In the early 1980’s, with the
leadership of Jim Tarbell, local businessmen, activists and civic
leaders Fred Berger, Walter Gabennesch, Kim Krause, Dick Thomas and Bob
Wimberg, concerned that the needs and the opportunities of
Over-the-Rhine were great, and that an organization to address them did
not exist, formed the neighborhood Chamber of Commerce,
before the OTR Chamber acquired it’s official 501c6 designation, this
group had secured the National Historic Register recognition for the
entire 360 acre foot print of the OTR neighborhood. OTR has the largest
collection of 19th century Italianate architecture than any district in
the United State an asset that continues to be a core value and appeal
of the area.
In spring of 1985, the group’s first meeting was
upstairs at Grammer’s Restaurant where Jim Tarbell was named president
of the Over-the-Rhine Chamber of Commerce, dedicated to improving civic
involvement and rebuilding the inner city. Early members included Diane
and Bill Smart, Marge Hammelrath, Mary Bonansinga, Tom Denhart and Joe
Gorman. Monthly meetings moved from one business and establishment to
another so members became familiar and supportive of one another. (This
tradition continues today with monthly lunch meetings and various
networking activities in a variety of businesses in OTR.)
the beginning, Over-the-Rhine Chamber of Commerce has actively
encouraged the maintenance and establishment of businesses in the area.
About the same time the OTR Chamber began, Terry Carter opened Neon’s
bar and nightclub. This was the catalyst that began the revival of the
Main Street Entertainment District. Numerous clubs, restaurants and
bars lined Main Street and entertained nearly a million visitors a
Cincinnati is rich in volunteerism and philanthropy. In early 2000 with the energy and support of the OTR Chamber, the OTR Revitalization Corporation was spun off as a 501c3 organization, to tap into the grants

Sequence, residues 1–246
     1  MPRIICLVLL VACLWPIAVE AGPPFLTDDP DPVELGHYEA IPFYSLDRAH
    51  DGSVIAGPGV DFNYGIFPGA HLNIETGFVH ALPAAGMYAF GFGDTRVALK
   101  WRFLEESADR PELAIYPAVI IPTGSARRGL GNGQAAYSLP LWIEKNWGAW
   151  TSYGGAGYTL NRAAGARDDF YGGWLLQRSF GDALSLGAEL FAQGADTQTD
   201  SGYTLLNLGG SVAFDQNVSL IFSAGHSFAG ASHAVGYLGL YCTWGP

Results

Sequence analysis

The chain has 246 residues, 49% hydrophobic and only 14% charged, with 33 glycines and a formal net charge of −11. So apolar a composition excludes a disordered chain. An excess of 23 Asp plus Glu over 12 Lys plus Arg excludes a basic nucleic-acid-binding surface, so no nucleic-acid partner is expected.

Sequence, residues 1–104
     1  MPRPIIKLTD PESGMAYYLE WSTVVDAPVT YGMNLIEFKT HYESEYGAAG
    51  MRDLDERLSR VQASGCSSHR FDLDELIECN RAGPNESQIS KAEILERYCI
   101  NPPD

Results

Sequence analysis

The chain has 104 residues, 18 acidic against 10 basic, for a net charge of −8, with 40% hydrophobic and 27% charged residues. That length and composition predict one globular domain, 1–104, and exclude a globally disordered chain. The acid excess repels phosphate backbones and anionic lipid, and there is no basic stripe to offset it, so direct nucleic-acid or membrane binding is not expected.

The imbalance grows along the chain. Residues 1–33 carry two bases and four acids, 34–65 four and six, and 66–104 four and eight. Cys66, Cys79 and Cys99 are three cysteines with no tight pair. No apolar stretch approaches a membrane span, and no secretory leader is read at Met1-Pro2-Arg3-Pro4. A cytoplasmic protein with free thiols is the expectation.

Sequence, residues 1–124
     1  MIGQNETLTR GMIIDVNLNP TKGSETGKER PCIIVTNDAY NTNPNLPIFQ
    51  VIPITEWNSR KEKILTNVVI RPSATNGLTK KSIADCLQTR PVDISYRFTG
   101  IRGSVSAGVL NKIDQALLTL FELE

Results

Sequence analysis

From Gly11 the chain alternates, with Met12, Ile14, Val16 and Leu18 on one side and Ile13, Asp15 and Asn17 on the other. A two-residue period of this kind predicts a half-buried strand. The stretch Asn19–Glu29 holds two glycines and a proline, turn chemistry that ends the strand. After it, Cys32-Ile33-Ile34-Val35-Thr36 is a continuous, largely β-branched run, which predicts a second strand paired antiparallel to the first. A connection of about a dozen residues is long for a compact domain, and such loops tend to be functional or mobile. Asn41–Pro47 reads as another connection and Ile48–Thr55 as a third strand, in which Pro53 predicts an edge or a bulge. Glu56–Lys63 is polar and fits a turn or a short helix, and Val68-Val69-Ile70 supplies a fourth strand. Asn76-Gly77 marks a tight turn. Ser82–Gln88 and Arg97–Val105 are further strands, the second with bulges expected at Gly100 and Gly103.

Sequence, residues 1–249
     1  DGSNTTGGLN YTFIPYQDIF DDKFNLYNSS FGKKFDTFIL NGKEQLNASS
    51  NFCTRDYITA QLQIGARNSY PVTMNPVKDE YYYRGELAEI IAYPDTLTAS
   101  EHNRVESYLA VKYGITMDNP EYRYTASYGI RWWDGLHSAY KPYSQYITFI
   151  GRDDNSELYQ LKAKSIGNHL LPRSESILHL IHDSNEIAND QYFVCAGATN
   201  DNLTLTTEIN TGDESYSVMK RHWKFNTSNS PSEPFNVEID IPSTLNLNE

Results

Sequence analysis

and fiscal gifts available to generate street animation and activity
for the businesses and residents of Over-the-Rhine. Together these two
organizations work hand in hand to bring special events, attentions,
awareness, resources and commerce to the 360-acre neighborhood.
community's proximity to downtown and major transportation corridors
and its lower property values and rents have attracted these investors,
just as similar factors attracted Over-the-Rhine's original builders
150 years earlier. The neighborhood's architectural character and sense
of time and place also have been major factors in attracting new
businesses. Some shops provide for the community's residents, while
others attract customers from throughout Greater Cincinnati.
Findlay Market is Ohio’s oldest continuously operated public market and
one of Over-the-Rhine’s most cherished institutions. Findlay Market is
home year-around to about two-dozen indoor merchants selling meat,
fish, poultry, produce, flowers, cheese, deli, and ethnic foods. More
than an exchange of commerce, Findlay is a gathering place attracts
perhaps the most socially, economically, racially, and ethnically
diverse crowds found anywhere in Cincinnati.
throughout the neighborhood are small groceries, specialty stores,
restaurants, and light industrial shops. Most conspicuous is the large
collection of arts and cultural related buildings including Music Hall,
Memorial Hall, Emery and Ensemble Theatre.
An issue that the
founders and the current leadership of the OTR Chamber face is
maintaining high quality, affordable housing for low-income residents
while attracting market-driven, middle- and higher-income housing thus
insuring the economic stability of the neighborhood.
Chamber stays responsive to the needs of members and the community. In
recent history, the OTR Chamber developed an anti-drug program with
targeted police details to reduce the criminal activity related to
illegal drug trafficking. The safety sector meetings successfully
facilitate open dialogue between police officers, safety ambassadors,
businessmen and residents in the various districts in the neighborhood.
its inception, the Over-the-Rhine Chamber of Commerce has grown to 500
members, making it the largest neighborhood Chamber of Commerce in
Cincinnati. In 2004 it formed a partnership with the Greater Cincinnati
Chamber of Commerce to strengthen its influence and to offer added
benefits for members and the community.
Today, the OTR Chamber
of Commerce is the lifeblood of the neighborhood, supporting all facets
of the neighborhood – commerce, community and lifestyle. The OTRCC
provides a forum for diverse interests: businesses, developers,
property owners, residents, arts organizations and social service